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Understanding Living Wills: Patient, Physician, and Family
Am Fam Physician. 2003 May 1;67(9):2001-2005.
The Federal Patient Self-Determination Act of 1990 requires that patients admitted to a hospital be asked if they have a living will or need information to make one. However, the wording of living wills may be ambiguous, and recent studies have shown that physicians frequently do not apply these documents appropriately. Upadya and colleagues studied whether patients, their family members, and their physicians understand living wills in regard to the use of endotracheal intubation and cardiopulmonary resuscitation (CPR).
The patients selected for this study were admitted to a community teaching hospital between July and October 2001, and had advance directives regarding “terminal conditions” in which intubation or CPR should be refused. Patients were excluded if they had mental status changes that precluded them from answering simple questions about the living will.
The study included 151 patients, 70 physicians (caring for 120 of the patients), and 108 family members. Understanding of the living will was measured by administering oral questionnaires to each patient, the patient's primary care physician, and a family member chosen by the patient. Validation questions were used to determine if the patients understood the initial patient questionnaire.
Among the three groups, there was greater than 87 percent concordance of understanding concerning the use of life support measures to keep patients alive. However, some key differences were noted. Seven physicians indicated that they would not intubate or perform CPR under any circumstances in patients who had living wills, yet three of their patients wanted intubation and CPR if they had a chance of recovering. Two physicians said that they would administer CPR or intubate even if they thought their patients had no chance for recovery; however, these patients and their family members wanted the procedures done only if the patient's condition was reversible. Five family members interpreted the living will as meaning that intubation was precluded in all situations, whereas two of the patients indicated that they wanted to be intubated if their condition was reversible. Four family members indicated that they would refuse the use of CPR based on the patient's living will, while one patient wanted CPR if recovery was possible.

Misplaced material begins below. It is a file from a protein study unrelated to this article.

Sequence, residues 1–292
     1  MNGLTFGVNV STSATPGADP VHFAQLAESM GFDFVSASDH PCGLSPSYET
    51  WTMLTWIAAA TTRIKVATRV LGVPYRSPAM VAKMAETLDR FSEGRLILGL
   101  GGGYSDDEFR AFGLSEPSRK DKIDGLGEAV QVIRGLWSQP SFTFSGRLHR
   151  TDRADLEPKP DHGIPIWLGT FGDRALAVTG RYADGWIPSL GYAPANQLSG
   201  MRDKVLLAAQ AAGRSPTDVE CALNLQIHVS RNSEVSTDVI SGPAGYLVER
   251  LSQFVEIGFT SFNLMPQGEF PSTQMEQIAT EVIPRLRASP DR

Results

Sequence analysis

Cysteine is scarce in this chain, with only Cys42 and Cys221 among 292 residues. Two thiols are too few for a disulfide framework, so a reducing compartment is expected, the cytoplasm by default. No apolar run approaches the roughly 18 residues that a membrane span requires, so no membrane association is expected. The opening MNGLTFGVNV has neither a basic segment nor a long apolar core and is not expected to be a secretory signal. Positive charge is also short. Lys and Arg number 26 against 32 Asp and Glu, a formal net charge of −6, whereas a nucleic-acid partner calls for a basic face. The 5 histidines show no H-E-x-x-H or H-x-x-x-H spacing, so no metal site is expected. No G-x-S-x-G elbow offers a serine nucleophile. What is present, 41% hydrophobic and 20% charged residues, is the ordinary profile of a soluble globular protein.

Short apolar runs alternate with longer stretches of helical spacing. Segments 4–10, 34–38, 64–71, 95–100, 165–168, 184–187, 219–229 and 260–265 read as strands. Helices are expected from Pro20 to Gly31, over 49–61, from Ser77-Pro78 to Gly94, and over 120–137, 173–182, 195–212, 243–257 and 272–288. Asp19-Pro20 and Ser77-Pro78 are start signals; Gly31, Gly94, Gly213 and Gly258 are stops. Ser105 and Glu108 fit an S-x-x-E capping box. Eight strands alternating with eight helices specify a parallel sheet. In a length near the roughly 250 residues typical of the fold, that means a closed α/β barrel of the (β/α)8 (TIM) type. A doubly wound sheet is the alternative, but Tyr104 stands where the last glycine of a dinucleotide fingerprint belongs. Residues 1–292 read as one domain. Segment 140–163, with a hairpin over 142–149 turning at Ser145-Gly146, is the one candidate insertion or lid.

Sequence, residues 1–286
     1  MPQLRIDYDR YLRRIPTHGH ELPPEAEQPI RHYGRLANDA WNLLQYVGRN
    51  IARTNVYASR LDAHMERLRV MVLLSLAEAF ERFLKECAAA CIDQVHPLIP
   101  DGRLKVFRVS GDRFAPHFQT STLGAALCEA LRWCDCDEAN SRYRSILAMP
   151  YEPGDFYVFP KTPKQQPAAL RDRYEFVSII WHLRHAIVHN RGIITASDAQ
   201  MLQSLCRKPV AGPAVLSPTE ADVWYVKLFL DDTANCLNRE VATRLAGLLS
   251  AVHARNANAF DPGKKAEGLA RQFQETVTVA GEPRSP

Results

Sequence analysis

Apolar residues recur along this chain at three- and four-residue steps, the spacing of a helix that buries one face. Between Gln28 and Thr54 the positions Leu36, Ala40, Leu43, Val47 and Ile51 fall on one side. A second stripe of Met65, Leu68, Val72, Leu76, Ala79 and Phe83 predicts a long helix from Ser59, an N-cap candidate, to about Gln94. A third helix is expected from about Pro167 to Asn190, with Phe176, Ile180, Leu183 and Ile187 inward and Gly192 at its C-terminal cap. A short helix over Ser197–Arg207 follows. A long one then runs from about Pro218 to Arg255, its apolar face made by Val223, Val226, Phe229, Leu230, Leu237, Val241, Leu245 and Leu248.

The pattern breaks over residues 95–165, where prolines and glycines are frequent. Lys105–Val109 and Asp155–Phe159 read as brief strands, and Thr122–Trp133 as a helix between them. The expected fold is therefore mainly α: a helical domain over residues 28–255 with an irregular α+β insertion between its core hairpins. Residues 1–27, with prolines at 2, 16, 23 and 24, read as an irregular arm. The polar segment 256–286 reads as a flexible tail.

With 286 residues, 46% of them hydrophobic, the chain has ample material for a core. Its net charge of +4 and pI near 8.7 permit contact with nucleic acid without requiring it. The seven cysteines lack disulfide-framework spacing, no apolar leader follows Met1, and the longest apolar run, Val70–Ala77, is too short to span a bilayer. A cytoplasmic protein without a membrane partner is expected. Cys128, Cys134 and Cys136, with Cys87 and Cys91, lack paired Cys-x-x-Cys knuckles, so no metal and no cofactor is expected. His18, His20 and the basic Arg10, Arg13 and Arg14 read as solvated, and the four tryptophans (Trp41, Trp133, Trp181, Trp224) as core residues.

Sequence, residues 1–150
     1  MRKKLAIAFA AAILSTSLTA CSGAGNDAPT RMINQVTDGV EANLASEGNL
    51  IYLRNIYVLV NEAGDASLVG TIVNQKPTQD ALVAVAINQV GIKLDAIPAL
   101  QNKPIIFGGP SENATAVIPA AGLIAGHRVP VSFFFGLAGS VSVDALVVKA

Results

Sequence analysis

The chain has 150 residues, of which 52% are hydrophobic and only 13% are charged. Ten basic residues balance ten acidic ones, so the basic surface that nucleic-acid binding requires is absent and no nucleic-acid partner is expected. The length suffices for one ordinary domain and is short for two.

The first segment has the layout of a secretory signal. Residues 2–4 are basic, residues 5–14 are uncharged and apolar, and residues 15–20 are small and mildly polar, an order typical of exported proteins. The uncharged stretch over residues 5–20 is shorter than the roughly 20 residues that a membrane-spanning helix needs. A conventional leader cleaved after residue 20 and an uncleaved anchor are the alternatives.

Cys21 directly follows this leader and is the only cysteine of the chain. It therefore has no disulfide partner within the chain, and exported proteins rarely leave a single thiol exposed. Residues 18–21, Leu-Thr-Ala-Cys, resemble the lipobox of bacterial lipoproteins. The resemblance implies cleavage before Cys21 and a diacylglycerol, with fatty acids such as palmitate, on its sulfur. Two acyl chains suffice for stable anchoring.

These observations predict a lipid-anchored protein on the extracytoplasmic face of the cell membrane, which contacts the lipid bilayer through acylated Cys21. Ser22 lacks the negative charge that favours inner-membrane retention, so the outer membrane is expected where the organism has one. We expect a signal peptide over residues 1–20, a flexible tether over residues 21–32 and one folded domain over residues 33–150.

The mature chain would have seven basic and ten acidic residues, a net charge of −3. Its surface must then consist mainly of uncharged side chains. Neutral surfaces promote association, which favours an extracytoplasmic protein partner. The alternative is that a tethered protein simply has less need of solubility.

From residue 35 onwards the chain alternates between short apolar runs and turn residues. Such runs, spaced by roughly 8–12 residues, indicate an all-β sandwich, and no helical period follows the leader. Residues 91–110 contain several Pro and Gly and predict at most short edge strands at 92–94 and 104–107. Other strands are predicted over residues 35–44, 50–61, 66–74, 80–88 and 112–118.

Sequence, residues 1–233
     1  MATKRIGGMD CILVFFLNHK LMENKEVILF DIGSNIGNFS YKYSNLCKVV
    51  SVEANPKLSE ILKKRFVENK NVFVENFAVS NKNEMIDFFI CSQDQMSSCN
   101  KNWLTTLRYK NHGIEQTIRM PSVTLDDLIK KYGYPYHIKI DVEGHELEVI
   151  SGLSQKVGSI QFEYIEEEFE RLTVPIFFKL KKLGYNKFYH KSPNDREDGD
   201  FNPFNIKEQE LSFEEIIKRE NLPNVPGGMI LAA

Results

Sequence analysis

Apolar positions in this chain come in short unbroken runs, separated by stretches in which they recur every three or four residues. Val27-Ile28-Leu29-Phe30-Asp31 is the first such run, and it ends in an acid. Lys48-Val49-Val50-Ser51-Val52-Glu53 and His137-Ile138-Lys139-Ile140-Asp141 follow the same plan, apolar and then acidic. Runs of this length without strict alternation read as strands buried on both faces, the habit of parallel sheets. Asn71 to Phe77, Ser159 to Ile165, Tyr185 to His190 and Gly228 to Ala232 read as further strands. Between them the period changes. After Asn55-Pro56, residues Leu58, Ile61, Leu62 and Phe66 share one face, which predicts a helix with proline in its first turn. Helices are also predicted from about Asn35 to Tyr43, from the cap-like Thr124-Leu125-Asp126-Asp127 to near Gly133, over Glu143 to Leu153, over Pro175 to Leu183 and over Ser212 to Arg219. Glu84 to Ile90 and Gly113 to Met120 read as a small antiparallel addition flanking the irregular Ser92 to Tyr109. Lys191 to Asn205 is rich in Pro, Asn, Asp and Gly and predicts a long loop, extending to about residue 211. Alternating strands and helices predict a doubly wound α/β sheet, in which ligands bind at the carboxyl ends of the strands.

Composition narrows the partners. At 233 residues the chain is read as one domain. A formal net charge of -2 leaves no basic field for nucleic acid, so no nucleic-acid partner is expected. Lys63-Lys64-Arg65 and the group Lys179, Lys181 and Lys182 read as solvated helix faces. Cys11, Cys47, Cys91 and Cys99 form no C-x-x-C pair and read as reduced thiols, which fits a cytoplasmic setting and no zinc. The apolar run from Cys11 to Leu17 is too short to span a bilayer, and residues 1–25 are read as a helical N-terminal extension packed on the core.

The authors conclude that discrepancies in the interpretation of living wills occur for the following reasons: patients frequently draft living wills without physician input; the definition of “terminal condition” is not absolute; and patients may have a poor understanding of “life support” and the probability of good survival after CPR.
Upadya A, et al. Patient, physician, and family member understanding of living wills. Am J Respir Crit Care Med. December 2002;166:1430–5.
editor's note: The authors acknowledged that a potential methodologic flaw of the study was that they could not determine whether the answers truly reflected the subjects' understanding of the living will versus their current beliefs (i.e., a change in wishes since drafting the will). Regardless, the take-home point is that physicians should actively engage patients and their family members in discussions about advance directives so that patients can make informed and clearly understood decisions about end-of-life care.—s.m.s.
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